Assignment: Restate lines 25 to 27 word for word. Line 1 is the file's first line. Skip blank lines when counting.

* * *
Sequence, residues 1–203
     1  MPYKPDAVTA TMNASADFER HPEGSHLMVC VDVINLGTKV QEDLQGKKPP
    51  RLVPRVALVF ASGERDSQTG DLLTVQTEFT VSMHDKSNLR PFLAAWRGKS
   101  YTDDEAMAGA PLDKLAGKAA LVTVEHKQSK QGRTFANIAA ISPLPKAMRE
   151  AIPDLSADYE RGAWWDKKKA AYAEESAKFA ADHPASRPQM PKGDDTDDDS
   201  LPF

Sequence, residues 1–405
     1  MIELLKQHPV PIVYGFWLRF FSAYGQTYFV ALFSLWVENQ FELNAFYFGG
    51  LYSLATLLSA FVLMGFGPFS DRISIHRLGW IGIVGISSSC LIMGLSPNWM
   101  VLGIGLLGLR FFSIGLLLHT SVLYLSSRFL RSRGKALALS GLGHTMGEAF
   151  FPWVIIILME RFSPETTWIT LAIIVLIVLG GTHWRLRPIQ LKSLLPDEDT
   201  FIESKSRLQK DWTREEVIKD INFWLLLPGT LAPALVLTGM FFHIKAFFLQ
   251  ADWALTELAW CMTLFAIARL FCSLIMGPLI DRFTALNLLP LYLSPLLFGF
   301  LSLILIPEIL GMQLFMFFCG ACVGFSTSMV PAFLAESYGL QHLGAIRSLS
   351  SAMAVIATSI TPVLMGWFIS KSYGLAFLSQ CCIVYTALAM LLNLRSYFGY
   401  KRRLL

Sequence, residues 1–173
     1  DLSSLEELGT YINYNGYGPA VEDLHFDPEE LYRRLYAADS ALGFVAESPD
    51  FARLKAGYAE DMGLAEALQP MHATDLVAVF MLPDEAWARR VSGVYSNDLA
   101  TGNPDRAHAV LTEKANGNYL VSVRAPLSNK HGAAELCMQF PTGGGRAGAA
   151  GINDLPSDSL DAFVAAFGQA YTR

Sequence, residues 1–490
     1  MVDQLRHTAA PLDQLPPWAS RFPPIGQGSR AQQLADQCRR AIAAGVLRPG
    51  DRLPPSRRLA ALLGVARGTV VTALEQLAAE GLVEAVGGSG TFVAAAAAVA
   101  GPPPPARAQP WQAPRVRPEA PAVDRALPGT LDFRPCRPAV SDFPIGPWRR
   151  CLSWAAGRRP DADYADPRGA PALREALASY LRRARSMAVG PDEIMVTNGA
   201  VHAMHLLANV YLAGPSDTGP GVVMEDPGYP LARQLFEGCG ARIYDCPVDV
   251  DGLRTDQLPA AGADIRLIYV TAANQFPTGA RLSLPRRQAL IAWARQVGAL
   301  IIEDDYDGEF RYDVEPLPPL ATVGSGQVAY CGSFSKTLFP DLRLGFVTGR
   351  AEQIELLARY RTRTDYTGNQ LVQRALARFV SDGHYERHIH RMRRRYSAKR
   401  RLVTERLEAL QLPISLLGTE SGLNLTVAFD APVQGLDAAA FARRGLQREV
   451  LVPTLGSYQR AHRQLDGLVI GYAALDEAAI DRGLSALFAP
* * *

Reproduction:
   101  GPPPPARAQP WQAPRVRPEA PAVDRALPGT LDFRPCRPAV SDFPIGPWRR
   151  CLSWAAGRRP DADYADPRGA PALREALASY LRRARSMAVG PDEIMVTNGA
   201  VHAMHLLANV YLAGPSDTGP GVVMEDPGYP LARQLFEGCG ARIYDCPVDV